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Joining that other, knowing That finally something must break Or speak. A silver tooth gleams; You mumble, whispering "You Are human, are what I have witnessed. You are all faces seen once." Through the bent, staring, unstable dark Ofa drainpipe, Unity hears youA God-roar ofhearing-say only "You are an angel's too-realized Unbearable memoryless face." The Common Grave I Some sit and stare In an unknown direction, through most lie still, Knowing that every season Must be wintered. II The mover ofmists and streams Is usually in the weeds By twilight, taking slowly A dark dedicated field-shape. III Ofall those who are under, Many are looking over Their shoulder, although it is only one leap To beyond-reason gold, only one Breath to the sun's great city. All ages ofmankind unite Where it is dark enough. Buckdancer's Choice / 2°4 IV The midstrides ofout-of-shape runners, The discarded strokes of bad swimmers, Open-mouthed at the wrong timeAll these are hooked wrongly together. A rumor runs through them like roots: They must try even harder To bring into their vast, Indiscriminate embrace All ofhumanity. V In someone's hand an acorn Pulses, thinking It is only one leap, Only one. VI In the field by twilight are The faller in leaves through October, The white-headed flyer in thistles Finding out secret currents ofair, The raiser ofmists from the creekbed, A fish extending his body Through all the curves ofthe river, The incredible moon in the voice box Ofdogs on All Souls' Night. VII All creatures tumbled together Get back in their wildest arms No single thing but each other, Hear only sounds like train sounds, Cattle sounds, earth-shakers. VIII The mover ofall things struggles In the green-crowded, green-crowned nightmare The Common Grave / 205 Of a great king packed in an acorn. A train bends round a curve Like a fish. An oak tree breaks Out and shoves for the moonlight, Bearing leaves which shall murmur for years, Dumfoundedly, like mouths opened all at once At just the wrong time to be heard, Others, others. Reincarrtation Still, passed through the spokes ofan old wheel, on and around The hub's furry rust in the weeds and shadows ofthe riverbank, This one is feeling his life as a man move slowly away. Fallen from that estate, he has gone down on his knees And beyond, disappearing into the egg buried under the sand And wakened to the low world being born, consisting now Ofthe wheel on its side not turning, but leaning to rot away In the sun a few feet farther offthan it is for any man. The roots bulge quietly under the earth beneath him; With his tongue he can hear them in their concerted effort To raise something, anything, out ofthe dark ofthe ground. He has come by gliding, by inserting the head between stems. Everything follows that as naturally as the creation Ofthe world, leaving behind arms and legs, leaving behind The intervals between tracks, leaving one long wavering step In sand and none in grass: he moves through, moving nothing, And the grass stands as never entered. It is in the new Life ofresurrection that one can come in one's own time To a place like a rotting wheel, the white paint flaking from it, Rust slowly emerging, and coil halfway through it, stopped By a just administration oflight and dark over the diamonds Ofthe body. Here, also naturally growing, is a flat leaf To rest the new head upon. The stem bends but knows the weight And does not touch the ground, holding the snub, patterned face Swaying with the ~oots ofthings. Inside the jaws, saliva Buckdancer's Choice / 206 ...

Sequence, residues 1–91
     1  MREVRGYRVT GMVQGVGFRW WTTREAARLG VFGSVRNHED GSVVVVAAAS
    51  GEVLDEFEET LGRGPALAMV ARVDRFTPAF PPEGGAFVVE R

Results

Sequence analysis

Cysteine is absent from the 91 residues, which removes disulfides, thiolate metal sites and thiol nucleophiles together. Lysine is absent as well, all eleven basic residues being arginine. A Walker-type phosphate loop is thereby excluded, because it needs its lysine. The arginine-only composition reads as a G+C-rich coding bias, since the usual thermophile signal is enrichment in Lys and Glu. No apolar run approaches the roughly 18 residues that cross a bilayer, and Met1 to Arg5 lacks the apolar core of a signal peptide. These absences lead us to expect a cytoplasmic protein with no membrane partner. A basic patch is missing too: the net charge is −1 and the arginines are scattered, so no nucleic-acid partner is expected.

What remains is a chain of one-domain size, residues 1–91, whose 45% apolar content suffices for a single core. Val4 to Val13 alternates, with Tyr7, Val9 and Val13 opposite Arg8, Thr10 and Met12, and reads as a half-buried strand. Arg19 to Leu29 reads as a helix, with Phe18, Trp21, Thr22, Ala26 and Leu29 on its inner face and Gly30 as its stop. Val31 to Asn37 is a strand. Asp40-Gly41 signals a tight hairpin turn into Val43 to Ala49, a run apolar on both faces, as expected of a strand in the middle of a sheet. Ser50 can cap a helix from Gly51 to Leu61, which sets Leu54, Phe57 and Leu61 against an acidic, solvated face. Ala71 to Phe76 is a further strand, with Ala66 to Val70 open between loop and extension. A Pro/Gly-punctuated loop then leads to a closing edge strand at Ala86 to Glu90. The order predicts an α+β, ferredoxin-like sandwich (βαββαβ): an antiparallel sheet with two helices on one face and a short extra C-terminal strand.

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Additional Information

ISBN
9780819571540
Related ISBN
9780819522023
MARC Record
OCLC
726747149
Pages
494
Launched on MUSE
2012-02-08
Language
English
Open Access
No
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